Why Brains Injure
While the industrial age was the design of the human brain, the human body and especially the brain, were not designed for the industrial age. In antiquity, the greatest risk of injury came from predators and other human enemies. Our modern machines are today’s foes, subjecting our brains and bodies to forces they were not designed to withstand. While we have come to better understand the pathology of why brains injure in an accident, we are making slower progress in eliminating the injuries.
When bones are broken, it is usually the result of direct visible force against the bone. When cut or struck by something, the mechanism of injury, is also clear. But as a result of the speeds we travel and the size of our vehicles, our bodies can often be severely injured, without clear force against the injured body part.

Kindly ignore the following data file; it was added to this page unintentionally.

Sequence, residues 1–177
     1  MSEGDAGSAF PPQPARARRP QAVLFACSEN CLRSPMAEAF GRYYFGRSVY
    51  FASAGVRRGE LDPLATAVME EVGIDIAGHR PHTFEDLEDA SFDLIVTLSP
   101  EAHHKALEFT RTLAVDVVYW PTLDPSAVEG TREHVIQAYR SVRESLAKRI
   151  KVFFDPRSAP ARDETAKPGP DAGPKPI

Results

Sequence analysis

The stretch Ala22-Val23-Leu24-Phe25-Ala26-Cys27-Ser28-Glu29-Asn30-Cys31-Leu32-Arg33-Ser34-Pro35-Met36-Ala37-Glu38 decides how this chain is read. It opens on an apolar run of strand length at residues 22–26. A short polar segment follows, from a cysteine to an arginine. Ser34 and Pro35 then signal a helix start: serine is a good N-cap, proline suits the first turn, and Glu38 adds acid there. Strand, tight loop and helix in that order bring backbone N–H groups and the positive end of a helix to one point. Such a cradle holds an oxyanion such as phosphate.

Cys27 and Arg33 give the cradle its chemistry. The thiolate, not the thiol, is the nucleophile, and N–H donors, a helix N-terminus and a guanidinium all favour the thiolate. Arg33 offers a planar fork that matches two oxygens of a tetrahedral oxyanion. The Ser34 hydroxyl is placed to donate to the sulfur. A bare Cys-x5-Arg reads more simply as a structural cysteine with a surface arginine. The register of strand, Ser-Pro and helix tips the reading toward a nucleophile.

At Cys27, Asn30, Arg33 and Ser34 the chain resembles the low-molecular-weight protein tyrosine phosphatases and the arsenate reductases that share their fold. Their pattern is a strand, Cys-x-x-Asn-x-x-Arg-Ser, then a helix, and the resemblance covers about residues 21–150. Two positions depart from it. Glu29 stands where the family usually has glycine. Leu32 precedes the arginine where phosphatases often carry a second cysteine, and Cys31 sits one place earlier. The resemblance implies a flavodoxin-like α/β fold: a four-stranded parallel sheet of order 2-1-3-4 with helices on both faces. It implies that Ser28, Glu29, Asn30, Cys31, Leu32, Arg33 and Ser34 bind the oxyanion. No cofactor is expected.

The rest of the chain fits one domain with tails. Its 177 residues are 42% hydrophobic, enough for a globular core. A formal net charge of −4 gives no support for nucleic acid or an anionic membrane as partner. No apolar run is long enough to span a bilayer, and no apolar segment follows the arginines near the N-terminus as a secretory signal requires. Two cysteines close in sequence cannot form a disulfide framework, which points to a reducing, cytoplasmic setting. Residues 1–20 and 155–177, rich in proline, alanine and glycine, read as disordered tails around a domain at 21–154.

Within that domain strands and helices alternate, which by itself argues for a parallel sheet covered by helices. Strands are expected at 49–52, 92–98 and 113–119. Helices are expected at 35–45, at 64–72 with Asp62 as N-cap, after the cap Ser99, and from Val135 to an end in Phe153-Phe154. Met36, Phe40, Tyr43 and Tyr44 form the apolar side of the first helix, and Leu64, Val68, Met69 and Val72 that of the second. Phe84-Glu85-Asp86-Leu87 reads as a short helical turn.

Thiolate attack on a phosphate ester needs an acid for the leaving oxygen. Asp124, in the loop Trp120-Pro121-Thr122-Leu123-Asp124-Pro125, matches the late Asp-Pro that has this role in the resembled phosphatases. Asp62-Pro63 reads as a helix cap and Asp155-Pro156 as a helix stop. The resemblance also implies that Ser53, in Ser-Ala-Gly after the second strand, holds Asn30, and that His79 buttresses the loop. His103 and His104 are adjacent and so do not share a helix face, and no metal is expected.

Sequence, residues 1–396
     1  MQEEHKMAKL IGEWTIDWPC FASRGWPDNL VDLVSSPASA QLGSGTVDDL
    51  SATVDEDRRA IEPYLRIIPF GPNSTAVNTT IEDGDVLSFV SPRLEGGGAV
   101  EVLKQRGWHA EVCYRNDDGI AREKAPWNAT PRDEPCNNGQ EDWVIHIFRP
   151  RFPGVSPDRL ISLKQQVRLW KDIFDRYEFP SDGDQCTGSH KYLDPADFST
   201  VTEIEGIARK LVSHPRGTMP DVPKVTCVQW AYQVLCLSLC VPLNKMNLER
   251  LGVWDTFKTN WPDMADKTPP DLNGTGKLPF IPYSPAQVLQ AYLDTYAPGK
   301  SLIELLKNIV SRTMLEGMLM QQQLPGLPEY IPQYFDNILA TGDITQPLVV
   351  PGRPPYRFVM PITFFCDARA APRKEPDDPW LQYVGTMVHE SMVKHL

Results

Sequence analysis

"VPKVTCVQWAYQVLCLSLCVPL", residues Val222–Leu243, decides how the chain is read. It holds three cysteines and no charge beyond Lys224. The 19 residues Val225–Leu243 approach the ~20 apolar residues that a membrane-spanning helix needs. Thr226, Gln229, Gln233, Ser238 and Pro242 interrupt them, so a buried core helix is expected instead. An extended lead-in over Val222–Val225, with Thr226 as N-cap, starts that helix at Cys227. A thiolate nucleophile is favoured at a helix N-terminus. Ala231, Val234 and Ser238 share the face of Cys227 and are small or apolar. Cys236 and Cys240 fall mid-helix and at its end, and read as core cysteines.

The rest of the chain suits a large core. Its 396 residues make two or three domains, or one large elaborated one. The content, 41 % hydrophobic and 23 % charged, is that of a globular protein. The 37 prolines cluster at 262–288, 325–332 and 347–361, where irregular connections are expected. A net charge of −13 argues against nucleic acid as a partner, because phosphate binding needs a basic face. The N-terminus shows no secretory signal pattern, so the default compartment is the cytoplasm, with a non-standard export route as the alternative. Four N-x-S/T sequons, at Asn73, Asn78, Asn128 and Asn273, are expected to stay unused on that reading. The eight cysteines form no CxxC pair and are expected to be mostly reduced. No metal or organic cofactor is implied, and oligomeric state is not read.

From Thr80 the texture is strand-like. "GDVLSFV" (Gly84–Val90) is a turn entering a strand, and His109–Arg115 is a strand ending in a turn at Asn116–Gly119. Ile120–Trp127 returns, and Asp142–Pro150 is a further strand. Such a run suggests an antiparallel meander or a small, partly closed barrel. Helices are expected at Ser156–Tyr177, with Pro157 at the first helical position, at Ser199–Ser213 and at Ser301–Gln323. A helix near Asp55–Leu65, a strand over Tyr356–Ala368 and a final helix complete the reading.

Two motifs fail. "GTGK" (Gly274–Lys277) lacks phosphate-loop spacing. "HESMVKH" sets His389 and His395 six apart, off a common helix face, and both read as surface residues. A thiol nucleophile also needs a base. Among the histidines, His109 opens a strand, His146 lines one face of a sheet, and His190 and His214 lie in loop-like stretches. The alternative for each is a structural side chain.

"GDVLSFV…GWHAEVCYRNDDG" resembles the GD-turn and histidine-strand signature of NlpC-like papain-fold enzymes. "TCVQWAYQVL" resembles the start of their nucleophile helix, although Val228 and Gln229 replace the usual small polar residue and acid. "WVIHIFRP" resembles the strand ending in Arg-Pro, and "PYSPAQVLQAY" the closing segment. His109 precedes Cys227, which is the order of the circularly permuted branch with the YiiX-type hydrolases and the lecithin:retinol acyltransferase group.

The old joke about falling:
It wasn’t the falling that hurt, it was the stopping.
This joke gets the point. When someone falls, the injury isn’t just from contact with the ground, but also because of the rapid change in speed when the body comes into contact with the ground. A fall from a high bridge can kill, even though the body hits nothing harder than water. The change in speed can be so dramatic, that it kills. Our bodies evolved over hundreds of thousands of years. We have only had high speeds machines for a few hundred.
This is why the so-called whiplash injury are so common today. Rapid changes in speed of the head and neck, which can occur in even minor vehicle damage wrecks, have potential to damage the brain, back, neck and spinal cord and are why brains injure.
NEXT: Non-Obstacles to Recovery.